My introduction to Kevin Wilson books came in 2016 when I read The Family Fang. It was different--in a good way. Creative, but very readable. Not that I could tell you a whole lot about the story at this point, seven years later. As it goes, I was still a frequent Goodreader at that point in time. So, quoting old me:
I was in the mood for something different and I certainly found it here. The Fangs are a messed up family, led by crazy parents whose idea of art can most kindly be referred to as mischief. It's best when it involves innocent victims of some kind and must occur in a very public place. They refer to their children as A and B (though they do at least have names, Annie and Buster) and after initially fearing children would interfere with their "art" they learned to incorporate them into the act.
Naturally, Annie and Buster grow up with issues. She becomes a semi-successful actress and he cranks out a pair of novels before winding up scraping by on free lance magazine work. For different reasons, they both wind up moving back home after escaping, and soon find themselves right back in the midst of the Fang turmoil.
Midway through I felt like this was a strong 4 1/2 stars, possibly a 5. It was one of those books where I was already thinking of people I could recommend it to. Then things slowed a little and the ending sort of underwhelmed me. I'll give the benefit of the doubt and round up to a 4, based on the uniqueness of the story and the characters, but there could have been more here.
And I guess at that point I was just lukewarm enough (lukecold?) on the ending to not bother going back into the Wilson pile for more.
Fast-forward to 2019-20, when I was running some steady Amazon ads for Sorry I Wasn't What You Needed, and who should start popping into my Also-Boughts but Kevin Wilson. When I first started with the ads, Jonathan Tropper was the gold-standard search target for me. It's a family drama with a bit of humor, which is Tropper's wheelhouse, so that made sense. The Venn diagram for Wilson never seemed quite as overlappy to me. But it persisted, and over time his name became a more productive search term than Tropper's. Maybe those waters were fished out, or maybe with no new Tropper books being released there just wasn't as much interest there anymore.
Regardless, I saw a lot of Wilson's Nothing To See Here cover. That book seemed to be the one most closely linked in the Also-Boughts. Which ... well, still seems like a strange fit. Eventually, I had to read it. And while the fit still didn't make sense, I really liked it.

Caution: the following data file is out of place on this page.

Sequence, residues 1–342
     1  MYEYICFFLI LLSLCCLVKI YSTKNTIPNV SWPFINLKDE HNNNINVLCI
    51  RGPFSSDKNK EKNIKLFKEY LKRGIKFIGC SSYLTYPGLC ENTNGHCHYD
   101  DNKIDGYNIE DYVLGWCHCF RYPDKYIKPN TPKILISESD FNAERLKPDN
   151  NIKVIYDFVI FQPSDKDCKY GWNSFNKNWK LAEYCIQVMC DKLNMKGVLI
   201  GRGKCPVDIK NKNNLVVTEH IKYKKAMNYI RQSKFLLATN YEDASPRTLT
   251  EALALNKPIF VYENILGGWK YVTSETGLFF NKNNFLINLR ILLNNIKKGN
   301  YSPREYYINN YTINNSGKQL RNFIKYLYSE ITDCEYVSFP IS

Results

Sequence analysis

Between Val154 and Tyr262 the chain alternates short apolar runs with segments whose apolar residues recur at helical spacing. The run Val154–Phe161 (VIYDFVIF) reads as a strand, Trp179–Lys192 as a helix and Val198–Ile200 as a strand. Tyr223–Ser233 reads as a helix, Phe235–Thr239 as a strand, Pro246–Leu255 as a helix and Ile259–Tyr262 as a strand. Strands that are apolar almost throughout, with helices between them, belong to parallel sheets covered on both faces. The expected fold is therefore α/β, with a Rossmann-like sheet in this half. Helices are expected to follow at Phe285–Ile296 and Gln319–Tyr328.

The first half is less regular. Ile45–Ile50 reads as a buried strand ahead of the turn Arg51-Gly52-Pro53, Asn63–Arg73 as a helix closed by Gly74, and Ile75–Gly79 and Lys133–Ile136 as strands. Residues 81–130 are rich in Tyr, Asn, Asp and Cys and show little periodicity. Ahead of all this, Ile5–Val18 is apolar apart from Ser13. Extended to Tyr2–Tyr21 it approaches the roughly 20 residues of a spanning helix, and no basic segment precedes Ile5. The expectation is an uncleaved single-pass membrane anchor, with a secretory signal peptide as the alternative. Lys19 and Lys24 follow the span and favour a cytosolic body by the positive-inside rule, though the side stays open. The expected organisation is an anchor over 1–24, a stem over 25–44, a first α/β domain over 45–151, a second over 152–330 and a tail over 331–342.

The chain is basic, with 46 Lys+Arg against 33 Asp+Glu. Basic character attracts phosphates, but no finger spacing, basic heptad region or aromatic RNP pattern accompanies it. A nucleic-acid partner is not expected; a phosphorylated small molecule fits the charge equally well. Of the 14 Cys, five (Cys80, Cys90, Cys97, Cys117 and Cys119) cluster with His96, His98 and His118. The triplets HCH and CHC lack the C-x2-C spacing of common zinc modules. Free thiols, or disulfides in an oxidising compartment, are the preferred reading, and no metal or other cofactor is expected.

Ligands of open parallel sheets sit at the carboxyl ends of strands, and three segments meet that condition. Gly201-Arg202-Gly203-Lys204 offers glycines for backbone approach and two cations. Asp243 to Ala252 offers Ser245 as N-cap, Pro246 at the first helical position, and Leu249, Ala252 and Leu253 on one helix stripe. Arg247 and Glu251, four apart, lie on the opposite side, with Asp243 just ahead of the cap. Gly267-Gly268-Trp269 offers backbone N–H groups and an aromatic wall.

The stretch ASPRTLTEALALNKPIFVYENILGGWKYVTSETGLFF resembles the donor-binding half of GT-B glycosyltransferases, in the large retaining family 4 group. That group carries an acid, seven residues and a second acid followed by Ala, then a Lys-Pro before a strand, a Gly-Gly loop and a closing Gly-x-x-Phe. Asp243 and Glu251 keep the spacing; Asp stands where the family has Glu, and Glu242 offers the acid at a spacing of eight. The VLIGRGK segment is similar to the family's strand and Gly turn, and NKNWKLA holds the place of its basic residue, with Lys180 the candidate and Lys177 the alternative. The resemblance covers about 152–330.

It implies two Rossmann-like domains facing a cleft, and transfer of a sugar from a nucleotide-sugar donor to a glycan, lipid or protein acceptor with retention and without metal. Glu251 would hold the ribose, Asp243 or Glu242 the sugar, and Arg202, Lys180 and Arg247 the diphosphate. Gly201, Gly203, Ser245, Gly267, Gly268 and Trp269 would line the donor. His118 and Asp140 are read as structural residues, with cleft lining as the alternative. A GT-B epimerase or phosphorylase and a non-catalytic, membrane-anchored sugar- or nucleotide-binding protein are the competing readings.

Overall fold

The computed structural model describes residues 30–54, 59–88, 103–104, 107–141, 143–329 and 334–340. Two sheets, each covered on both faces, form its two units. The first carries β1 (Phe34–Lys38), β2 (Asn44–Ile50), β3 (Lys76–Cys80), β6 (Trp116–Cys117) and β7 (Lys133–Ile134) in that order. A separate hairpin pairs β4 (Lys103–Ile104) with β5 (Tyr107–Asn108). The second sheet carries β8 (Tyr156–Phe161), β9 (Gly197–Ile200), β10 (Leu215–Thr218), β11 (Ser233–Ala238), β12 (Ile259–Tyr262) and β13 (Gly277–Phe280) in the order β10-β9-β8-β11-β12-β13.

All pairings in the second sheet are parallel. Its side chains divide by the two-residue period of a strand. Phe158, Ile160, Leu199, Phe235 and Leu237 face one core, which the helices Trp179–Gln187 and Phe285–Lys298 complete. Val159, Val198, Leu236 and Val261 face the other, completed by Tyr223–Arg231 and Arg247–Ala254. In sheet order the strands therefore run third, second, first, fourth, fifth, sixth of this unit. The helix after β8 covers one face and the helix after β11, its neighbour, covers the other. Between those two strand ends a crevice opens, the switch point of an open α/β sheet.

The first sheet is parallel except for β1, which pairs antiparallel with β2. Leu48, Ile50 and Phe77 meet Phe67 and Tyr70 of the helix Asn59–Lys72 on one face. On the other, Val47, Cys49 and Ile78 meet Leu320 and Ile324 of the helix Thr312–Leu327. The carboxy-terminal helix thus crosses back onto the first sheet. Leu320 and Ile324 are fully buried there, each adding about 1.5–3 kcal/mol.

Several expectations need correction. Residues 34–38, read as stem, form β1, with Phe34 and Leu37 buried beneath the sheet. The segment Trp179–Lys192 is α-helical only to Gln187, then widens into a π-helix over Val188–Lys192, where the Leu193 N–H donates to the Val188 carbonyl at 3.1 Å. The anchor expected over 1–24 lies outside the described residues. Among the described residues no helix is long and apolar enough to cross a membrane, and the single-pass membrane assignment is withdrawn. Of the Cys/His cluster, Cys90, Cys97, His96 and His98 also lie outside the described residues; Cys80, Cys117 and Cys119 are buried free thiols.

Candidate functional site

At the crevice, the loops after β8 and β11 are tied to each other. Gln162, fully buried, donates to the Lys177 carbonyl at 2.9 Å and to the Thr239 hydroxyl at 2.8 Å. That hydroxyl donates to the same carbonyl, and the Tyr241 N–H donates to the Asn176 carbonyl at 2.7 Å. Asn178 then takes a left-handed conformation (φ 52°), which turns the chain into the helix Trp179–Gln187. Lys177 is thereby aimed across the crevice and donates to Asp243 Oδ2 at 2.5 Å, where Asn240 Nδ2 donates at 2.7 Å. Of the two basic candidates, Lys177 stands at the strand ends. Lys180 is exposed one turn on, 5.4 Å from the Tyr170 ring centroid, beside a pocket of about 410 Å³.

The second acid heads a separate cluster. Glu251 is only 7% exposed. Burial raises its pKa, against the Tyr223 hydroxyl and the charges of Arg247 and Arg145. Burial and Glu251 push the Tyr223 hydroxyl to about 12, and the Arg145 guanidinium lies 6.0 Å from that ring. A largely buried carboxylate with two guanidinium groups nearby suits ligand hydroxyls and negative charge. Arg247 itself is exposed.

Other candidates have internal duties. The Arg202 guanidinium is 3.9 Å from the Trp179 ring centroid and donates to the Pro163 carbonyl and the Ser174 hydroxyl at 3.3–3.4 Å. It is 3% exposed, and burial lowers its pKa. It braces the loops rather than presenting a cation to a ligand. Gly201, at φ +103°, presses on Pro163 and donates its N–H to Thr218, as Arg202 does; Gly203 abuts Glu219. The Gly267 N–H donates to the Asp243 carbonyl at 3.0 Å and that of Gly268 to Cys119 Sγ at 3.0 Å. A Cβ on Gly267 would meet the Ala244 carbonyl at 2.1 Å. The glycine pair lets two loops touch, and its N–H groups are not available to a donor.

It's a classic Wilson, in that he starts with a far-out premise, but sets it in a very real world populated with mostly normal people (well, as normal as any of us, when you take a deep dive into our heads). The hook here is there really is something to see, and it's a young brother and sister who spontaneously combust every time they get a little worked up about anything. (Don't worry, they're always fine afterward.)
I enjoyed that one so much, I went back for more, asking for both of his other novels for Christmas. Santa came through, of course, with Now Is Not the Time to Panic and Perfect Little World. I read Now Is Not the Time to Panic earlier this year, and it moved to the top spot on my Wilson list. Another crazy imaginative premise about two teenagers who start a panic in their small Tennessee town by slapping posters everywhere with the spooky nonsense saying, "The edge is a shantytown filled with gold seekers. We are fugitives, and the law is skinny with hunger for us." Mayhem ensues. People die. It's both funny and sad in places. And so different from anything else out there.
I'm about halfway through Perfect Little World right now, and I'm not sure where it's going to rank for me. Early days yet. So far, it's fighting for third with The Family Fang, but there's time for it to move up the leaderboard.
Wilson's characters are all a little bit misfit, a little depressed, and a lot interesting. Really glad I circled back for more. I've never been a big short story reader, but he just might tempt me across that line, as he has two short story collections out there. Something tells me there will be craziness involved.